by B.B. Pelletier

Part 1

El Gamo 68 is a futuristic breakbarrel from the past.

Mac and I couldn’t stay away from the El Gamo 68 once we started looking at it. The first thing we did was adjust the trigger so it would catch positively every time the rifle (carbine?) is cocked. When I got the gun, it failed to catch the sear several times every time the barrel was broken, but all that turned out to be was a trigger adjusted with too little sear contact area.

Trigger adjustments come in two different types. One adjusts the spring tension of the trigger return spring, and adjusting it will give a somewhat lighter trigger-pull. The other adjusts the actual sear contact area and makes the trigger release crisper without affecting the pull weight. That’s the type of adjustment the 68 has. It also has an adjustment for the length of the first-stage pull; and on this gun, I found stage one had been adjusted completely out. So, you started the pull on stage two — effectively giving the rifle a single-stage trigger.

Adjusting the trigger
The following instructions for adjusting the trigger are taken from the El Gamo owner’s manual for the 68 and 68-XP that David Enoch was kind enough to supply. They might also apply to the El Gamo model 300 rifle, which has the XP action in a conventional wood stock. I don’t know that the 300 has the same trigger adjustments, but I assume that it does.

The forward screw (closest to the triggerguard) is a locking screw that should be loosened before any adjustments are made. After all adjustments have been made, tighten the locking screw to lock the adjustments in place.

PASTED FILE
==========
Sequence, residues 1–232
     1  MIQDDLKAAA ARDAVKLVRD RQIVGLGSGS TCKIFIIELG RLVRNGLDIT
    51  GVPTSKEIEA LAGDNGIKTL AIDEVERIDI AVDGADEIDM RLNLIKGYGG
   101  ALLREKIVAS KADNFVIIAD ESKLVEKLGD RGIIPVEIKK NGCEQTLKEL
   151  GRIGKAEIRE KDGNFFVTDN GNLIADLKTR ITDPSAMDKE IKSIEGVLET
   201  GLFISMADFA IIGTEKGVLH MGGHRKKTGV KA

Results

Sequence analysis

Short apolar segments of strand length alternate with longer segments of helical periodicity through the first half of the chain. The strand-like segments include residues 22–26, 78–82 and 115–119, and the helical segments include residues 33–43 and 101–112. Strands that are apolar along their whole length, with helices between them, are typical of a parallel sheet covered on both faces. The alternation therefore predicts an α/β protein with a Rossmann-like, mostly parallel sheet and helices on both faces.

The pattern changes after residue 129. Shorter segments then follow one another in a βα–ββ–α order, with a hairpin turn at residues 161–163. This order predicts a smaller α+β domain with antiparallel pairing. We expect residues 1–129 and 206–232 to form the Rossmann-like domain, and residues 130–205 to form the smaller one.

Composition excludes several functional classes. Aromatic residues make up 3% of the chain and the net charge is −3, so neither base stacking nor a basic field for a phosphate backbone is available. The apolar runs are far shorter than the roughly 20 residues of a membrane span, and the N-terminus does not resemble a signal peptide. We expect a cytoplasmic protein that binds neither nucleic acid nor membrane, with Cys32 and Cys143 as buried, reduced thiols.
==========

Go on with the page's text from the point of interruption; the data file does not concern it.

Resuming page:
The larger screw in the center adjusts the length of the first-stage pull. Turn counterclockwise to lengthen the pull and clockwise to shorten it. As I mentioned, it’s possible to eliminate the first stage altogether.

The screw in back adjusts the sear contact area. It does not lighten the trigger-pull, so be careful not to over-adjust it or the rifle will not cock, as mine did not. Turn counterclockwise to increase the sear contact area and clockwise to decrease. Ostensibly, this adjustment would give you a crisper trigger release, but I didn’t see any difference at all. But when the contact area was adjusted too small, the rifle failed to catch when cocked.

Three trigger adjustment screws are located at the back of the triggerguard.

I was able to put back a long first-stage pull that I like; so now when the trigger stops, I know it’s at stage two and ready to break. Stage two was set with much more contact area, and now the rifle catches every time it’s cocked. I can’t detect that the pull has changed in weight or crispness. After it breaks, the trigger blade is at the end of its travel. It feels like there’s a trigger overtravel adjustment, but there isn’t.

The trigger blade is much too thin for the pull weight, which is between 7 lbs., 14 oz. and 8 lbs., 10 oz. This trigger can really benefit from the installation of a trigger shoe. I have a couple of them around somewhere, so I’ll try to find one and see if it benefits the rifle as much as I think it will.

Firing behavior